Participant Info

First Name
Last Name
United States
The University of Chicago
Transitional Justice, Political Organizations and Parties, Legislatures, Comparative Political Institutions, Lustration.
Media Contact

Personal Info

About Me

I am an Associate Professor of Political Science at the University of Chicago. I teach a wide range of courses in Comparative Politics and Formal Theory. My research interests span transitional justice, the study of comparative institutions such as legislatures, political organizations such as parties, and most recently authoritarian legacies. I have published Skeletons in the Closet, Transitional Justice in the PostCommunist World with Cambridge University Press. This book received the Leon D. Epstein Award from the Political Organizations and Parties section of the APSA in 2012. I was also awarded the Best Book award by theComparative Democratization section APSA in 2011.
Currently I am finishing a book with Royce Carroll (University of Essex) on the emergence of programmatic parties in PostCommunist Europe. The book focuses on the development of parties in the legislative arena, using the wealth of data on legislative voting that has become available since these countries transitioned from Communism in the late 80s and early 90s.
I am also working on a series of papers with Grigore Pop-Eleches (Princeton University) on the dynamics shaping anti-authoritarian attitudes in Poland prior to 1989. These papers make use of 17 high quality nationally representative surveys taken between the lifting of Martial Law in Poland in 1983 and Roundtable Negotiations of 1989 that eventually brought down Communism in Europe.

Recent Publications

Monika Nalepa. 2017 “Agenda Setting: the Third Pathway to Voting Unity. Evidence from the Polish Parliament” (forthcoming Studies in Logic, Grammar and Rhetoric).

Monika Nalepa. 2016. “Party Institutionalization and Legislative Organization: The Evolution of Agenda Power in the Polish Parliament.” The Journal of Comparative Politics (April, 2016).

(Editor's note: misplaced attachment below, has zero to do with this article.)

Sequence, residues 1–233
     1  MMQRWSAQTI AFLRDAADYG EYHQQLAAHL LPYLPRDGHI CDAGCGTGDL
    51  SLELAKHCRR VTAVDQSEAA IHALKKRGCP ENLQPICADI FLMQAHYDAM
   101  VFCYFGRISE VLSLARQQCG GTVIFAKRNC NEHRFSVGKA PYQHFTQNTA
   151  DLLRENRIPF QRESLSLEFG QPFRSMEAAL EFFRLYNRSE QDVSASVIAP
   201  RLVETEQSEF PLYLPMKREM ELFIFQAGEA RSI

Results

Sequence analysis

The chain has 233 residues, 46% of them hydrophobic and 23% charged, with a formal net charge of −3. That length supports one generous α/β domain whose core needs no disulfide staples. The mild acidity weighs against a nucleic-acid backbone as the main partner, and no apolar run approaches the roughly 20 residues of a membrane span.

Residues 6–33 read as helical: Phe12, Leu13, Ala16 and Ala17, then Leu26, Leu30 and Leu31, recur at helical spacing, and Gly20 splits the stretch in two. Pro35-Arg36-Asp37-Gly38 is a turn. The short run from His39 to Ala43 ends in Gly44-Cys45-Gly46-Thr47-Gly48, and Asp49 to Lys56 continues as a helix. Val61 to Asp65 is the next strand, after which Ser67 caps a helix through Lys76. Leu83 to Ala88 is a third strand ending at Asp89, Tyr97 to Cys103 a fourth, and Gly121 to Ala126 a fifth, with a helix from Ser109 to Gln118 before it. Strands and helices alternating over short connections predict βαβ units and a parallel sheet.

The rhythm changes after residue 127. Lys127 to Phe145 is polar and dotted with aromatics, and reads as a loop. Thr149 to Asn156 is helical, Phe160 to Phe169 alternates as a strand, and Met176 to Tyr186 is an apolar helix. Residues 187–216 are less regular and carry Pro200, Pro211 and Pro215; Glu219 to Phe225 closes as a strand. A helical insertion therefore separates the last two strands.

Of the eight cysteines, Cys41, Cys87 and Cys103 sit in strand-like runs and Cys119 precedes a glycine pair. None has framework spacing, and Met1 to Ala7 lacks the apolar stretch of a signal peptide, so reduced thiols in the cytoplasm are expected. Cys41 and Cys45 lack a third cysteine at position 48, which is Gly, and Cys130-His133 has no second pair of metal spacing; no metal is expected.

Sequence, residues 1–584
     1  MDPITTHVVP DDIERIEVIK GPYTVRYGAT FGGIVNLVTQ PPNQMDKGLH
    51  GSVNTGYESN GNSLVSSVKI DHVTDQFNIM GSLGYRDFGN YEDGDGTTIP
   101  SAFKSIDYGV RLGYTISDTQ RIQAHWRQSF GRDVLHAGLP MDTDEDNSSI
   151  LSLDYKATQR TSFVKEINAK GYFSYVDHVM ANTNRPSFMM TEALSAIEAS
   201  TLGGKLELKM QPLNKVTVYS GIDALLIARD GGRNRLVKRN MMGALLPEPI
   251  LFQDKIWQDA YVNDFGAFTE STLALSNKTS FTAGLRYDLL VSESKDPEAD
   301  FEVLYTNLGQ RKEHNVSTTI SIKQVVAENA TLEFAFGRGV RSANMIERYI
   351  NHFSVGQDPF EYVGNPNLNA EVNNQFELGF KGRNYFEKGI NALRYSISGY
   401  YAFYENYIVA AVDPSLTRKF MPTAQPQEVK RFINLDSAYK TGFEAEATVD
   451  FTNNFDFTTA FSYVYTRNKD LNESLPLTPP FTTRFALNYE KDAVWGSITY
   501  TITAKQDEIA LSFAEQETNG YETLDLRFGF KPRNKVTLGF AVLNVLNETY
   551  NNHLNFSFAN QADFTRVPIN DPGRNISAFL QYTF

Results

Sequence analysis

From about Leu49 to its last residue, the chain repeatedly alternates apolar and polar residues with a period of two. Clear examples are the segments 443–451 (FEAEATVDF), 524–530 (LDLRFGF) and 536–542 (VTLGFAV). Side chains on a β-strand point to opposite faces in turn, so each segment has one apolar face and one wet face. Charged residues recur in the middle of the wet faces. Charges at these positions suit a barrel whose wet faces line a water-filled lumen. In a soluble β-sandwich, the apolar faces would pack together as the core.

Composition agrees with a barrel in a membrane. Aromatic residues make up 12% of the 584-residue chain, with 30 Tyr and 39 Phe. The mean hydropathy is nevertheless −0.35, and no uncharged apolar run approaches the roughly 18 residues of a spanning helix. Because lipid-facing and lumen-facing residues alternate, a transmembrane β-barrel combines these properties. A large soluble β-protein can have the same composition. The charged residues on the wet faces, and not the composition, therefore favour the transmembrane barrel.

Nalepa, Monika and Emilia Powell. 2016. “The Role of Domestic Opposition and International Justice Regimes in Peaceful Transitions of Power.” Journal of Conflict Resolution (OnlineFirst)

Nalepa, Monika. 2015. “The Institutional Context of Transitional Justice.” In Handbook of Comparative Political Institutions, eds. Jennifer Gandhi and Ruben Ruiz-Rufino, London: Routledge.

Kaminski Marek M. and Monika Nalepa. 2014. “A Model of Strategic Preemption: Why Do Post Communists Hurts Themselves?” Decyzje 21(2): 31-65.

Nalepa, Monika. 2012. “Tolerating Mistakes: How do popular perceptions of procedural fairness affect demand for transitional justice?” Journal of Conflict Resolution 56 (3): 490–515.

Nalepa, Monika. 2012. “Reconciliation, Refugee Returns, and the Impact of International Criminal Justice: The Case of Bosnia and Herzegovina.” NOMOS, Proceedings of the American Society for Political and Legal Philosophy. v.51, eds. Melissa Williams & Rosemary Nagy, New York, New York University Press.

Media Coverage

Gaming the Vote’ by Helen Gregg for the University of Chicago Magazine

Country Focus
Poland, Ukraine, Hungary, Czech Republic, Slovakia.

Research Areas

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